Cari Jo Clark, ScD, M.P.H., is Associate Professor in the Hubert Department of Global Health at Rollins School of Public Health. Her research is focused on the health effects of exposure to child maltreatment and intimate partner violence, the measurement of violence and its associated norms, and the design and evaluation of prevention strategies. Dr. Clark recently has completed a project on a Jordanian university campus to measure sexual harassment as well as an examination of norms and behavior change diffusion as a follow-up to a randomized trial of a social and behavior change intervention designed to prevent intimate partner violence in Nepal. She is currently involved in three ongoing evaluations in Nepal to investigate the impact of interventions targeting child marriage, girls’ capability development, and women’s help-seeking for gender-based violence. She has published 82 manuscripts, book chapters, and working papers, which have appeared in journals such as The Lancet, Pediatrics, and Social Science and Medicine.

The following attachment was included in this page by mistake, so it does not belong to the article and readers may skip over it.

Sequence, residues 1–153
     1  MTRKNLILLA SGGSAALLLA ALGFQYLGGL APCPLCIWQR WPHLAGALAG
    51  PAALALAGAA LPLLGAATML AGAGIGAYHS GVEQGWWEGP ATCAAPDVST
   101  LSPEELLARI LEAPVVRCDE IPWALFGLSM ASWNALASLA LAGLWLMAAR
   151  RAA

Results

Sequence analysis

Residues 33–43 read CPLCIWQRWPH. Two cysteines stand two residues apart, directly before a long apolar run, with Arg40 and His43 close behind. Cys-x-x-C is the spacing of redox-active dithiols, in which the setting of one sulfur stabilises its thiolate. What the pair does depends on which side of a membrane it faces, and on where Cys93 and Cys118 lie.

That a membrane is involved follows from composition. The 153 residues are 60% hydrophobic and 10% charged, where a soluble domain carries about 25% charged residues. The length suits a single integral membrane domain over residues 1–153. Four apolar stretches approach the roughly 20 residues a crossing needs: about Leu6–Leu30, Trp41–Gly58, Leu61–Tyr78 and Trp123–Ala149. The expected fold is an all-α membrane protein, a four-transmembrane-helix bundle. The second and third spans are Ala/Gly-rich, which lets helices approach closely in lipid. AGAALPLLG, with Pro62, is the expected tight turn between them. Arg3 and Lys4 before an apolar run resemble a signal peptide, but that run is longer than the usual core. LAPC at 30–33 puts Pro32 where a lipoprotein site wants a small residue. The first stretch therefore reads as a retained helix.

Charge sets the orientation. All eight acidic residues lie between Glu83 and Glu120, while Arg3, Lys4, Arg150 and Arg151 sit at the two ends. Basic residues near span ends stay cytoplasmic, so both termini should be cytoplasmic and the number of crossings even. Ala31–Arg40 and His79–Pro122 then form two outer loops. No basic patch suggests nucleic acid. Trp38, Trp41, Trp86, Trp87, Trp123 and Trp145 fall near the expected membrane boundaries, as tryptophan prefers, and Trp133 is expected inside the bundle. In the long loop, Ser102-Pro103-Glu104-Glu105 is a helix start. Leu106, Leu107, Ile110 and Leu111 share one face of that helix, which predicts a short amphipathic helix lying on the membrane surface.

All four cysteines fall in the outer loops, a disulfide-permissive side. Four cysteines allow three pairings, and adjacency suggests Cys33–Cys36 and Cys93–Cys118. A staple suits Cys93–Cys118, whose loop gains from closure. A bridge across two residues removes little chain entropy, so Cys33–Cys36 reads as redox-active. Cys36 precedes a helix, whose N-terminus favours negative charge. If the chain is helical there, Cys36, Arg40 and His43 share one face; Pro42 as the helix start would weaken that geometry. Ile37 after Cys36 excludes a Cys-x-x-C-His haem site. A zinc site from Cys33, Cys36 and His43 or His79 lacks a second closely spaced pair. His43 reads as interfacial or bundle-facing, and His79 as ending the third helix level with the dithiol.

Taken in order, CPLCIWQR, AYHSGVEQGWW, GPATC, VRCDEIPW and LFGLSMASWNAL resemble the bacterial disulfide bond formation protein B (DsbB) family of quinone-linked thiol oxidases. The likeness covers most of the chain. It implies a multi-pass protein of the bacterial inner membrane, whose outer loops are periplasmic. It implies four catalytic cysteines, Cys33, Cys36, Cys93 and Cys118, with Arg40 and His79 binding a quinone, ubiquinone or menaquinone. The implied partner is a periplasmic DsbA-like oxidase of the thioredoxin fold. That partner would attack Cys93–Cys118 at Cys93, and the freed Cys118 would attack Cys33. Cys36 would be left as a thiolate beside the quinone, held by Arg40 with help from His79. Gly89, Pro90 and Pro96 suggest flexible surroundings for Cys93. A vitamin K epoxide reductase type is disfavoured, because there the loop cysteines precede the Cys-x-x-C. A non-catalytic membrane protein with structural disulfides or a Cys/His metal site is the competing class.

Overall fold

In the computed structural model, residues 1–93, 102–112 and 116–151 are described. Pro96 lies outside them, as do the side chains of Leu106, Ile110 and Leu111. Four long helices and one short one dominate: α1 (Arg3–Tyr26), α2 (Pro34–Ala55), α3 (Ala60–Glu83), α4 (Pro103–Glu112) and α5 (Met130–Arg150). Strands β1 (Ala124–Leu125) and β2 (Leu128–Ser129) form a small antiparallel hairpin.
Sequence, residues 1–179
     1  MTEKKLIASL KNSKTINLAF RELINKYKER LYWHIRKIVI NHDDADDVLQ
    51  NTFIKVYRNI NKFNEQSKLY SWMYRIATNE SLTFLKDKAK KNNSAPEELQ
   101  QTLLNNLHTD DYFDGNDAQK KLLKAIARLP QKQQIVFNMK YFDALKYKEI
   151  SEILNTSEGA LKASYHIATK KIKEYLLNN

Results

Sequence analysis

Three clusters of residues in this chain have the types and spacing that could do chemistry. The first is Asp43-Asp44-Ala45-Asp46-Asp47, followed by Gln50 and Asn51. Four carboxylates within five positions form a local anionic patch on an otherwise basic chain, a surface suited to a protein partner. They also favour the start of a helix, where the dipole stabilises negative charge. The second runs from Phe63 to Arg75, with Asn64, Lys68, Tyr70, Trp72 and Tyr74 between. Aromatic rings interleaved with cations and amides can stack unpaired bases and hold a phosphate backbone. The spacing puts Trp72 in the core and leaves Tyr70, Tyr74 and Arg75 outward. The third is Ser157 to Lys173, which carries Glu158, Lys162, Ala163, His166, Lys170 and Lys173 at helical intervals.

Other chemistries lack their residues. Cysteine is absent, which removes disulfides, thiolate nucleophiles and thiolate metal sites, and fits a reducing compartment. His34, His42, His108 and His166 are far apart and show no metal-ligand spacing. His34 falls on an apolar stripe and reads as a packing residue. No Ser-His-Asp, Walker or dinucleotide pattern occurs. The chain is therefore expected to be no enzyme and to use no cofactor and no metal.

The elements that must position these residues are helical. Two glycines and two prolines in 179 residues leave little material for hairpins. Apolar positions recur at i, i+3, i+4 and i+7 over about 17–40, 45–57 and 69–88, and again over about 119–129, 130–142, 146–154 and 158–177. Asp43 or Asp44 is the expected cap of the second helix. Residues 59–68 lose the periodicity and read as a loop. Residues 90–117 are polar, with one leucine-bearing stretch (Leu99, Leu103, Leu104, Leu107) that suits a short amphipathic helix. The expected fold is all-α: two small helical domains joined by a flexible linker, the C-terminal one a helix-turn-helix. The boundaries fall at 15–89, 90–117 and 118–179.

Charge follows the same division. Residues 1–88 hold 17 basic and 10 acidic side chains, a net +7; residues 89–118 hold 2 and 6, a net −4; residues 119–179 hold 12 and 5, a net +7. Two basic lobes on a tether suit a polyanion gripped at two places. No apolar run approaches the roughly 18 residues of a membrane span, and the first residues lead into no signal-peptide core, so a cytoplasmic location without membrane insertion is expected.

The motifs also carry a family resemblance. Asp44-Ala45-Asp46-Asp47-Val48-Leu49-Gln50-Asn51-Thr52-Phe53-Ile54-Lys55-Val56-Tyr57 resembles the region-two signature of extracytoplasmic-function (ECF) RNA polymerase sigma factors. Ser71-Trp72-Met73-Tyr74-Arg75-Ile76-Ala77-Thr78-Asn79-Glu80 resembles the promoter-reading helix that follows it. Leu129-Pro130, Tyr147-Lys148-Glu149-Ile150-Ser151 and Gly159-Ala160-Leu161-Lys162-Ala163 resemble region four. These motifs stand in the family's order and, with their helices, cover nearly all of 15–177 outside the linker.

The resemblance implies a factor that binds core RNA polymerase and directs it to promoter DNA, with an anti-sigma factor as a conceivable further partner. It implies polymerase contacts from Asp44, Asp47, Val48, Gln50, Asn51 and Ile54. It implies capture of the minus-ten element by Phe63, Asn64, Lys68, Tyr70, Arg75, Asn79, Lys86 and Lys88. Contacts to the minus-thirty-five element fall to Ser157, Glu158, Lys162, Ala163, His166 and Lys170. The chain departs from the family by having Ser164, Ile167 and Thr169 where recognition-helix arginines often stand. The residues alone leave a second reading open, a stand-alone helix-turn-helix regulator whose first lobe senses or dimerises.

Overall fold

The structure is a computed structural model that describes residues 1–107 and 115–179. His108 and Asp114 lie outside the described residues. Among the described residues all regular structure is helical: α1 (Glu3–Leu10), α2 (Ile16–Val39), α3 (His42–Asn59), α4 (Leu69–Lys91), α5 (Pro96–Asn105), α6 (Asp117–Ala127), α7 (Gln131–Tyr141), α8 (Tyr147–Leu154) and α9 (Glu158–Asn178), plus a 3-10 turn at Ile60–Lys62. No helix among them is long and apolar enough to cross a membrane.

Lori Heise, PhD, is an internationally recognized expert on the causes and consequences of violence against women and is Co-investigator on “What Works to Prevent Violence,” a 6 year, multi-million-dollar project to reduce gender-based violence (GBV) in low and middle-income countries. In addition to working as a Professor at the Johns Hopkins Bloomberg School of Public Health and the JHU School of Nursing, she serves as Technical Director of the Prevention Collaborative, a new global initiative designed to support evidence based GBV prevention programming in the Global South. Prior to joining JHU, she was a Professor at the London School of Hygiene and Tropical Medicine where she served as Co-Director of STRIVE, an international research consortium dedicated to studying the structural drivers of HIV, including gender inequalities, stigma and criminalization, lack of livelihood options and alcohol use and harmful drinking norms.